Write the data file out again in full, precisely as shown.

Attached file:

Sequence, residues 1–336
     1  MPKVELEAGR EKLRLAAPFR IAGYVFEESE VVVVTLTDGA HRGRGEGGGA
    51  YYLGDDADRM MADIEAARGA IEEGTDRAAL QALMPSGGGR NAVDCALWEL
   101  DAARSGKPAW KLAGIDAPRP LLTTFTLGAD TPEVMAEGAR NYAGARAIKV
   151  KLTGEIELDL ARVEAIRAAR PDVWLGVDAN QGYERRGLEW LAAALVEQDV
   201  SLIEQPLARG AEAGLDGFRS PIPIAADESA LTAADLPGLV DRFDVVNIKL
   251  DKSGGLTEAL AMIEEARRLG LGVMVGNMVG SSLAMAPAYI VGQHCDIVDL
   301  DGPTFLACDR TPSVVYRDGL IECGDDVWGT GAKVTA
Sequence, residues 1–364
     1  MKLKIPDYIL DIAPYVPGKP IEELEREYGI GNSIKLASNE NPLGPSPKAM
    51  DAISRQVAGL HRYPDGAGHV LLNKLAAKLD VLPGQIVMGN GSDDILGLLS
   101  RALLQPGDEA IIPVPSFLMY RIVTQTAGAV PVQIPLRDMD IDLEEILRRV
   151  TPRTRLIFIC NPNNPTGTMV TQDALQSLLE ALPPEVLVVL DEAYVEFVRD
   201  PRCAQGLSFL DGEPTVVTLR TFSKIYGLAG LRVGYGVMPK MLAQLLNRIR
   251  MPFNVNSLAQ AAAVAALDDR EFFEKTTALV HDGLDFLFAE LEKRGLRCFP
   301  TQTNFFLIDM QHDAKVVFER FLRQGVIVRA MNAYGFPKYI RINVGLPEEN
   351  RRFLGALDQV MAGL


Sequence, residues 1–336
     1  MPKVELEAGR EKLRLAAPFR IAGYVFEESE VVVVTLTDGA HRGRGEGGGA
    51  YYLGDDADRM MADIEAARGA IEEGTDRAAL QALMPSGGGR NAVDCALWEL
   101  DAARSGKPAW KLAGIDAPRP LLTTFTLGAD TPEVMAEGAR NYAGARAIKV
   151  KLTGEIELDL ARVEAIRAAR PDVWLGVDAN QGYERRGLEW LAAALVEQDV
   201  SLIEQPLARG AEAGLDGFRS PIPIAADESA LTAADLPGLV DRFDVVNIKL
   251  DKSGGLTEAL AMIEEARRLG LGVMVGNMVG SSLAMAPAYI VGQHCDIVDL
   301  DGPTFLACDR TPSVVYRDGL IECGDDVWGT GAKVTA
Sequence, residues 1–364
     1  MKLKIPDYIL DIAPYVPGKP IEELEREYGI GNSIKLASNE NPLGPSPKAM
    51  DAISRQVAGL HRYPDGAGHV LLNKLAAKLD VLPGQIVMGN GSDDILGLLS
   101  RALLQPGDEA IIPVPSFLMY RIVTQTAGAV PVQIPLRDMD IDLEEILRRV
   151  TPRTRLIFIC NPNNPTGTMV TQDALQSLLE ALPPEVLVVL DEAYVEFVRD
   201  PRCAQGLSFL DGEPTVVTLR TFSKIYGLAG LRVGYGVMPK MLAQLLNRIR
   251  MPFNVNSLAQ AAAVAALDDR EFFEKTTALV HDGLDFLFAE LEKRGLRCFP
   301  TQTNFFLIDM QHDAKVVFER FLRQGVIVRA MNAYGFPKYI RINVGLPEEN
   351  RRFLGALDQV MAGL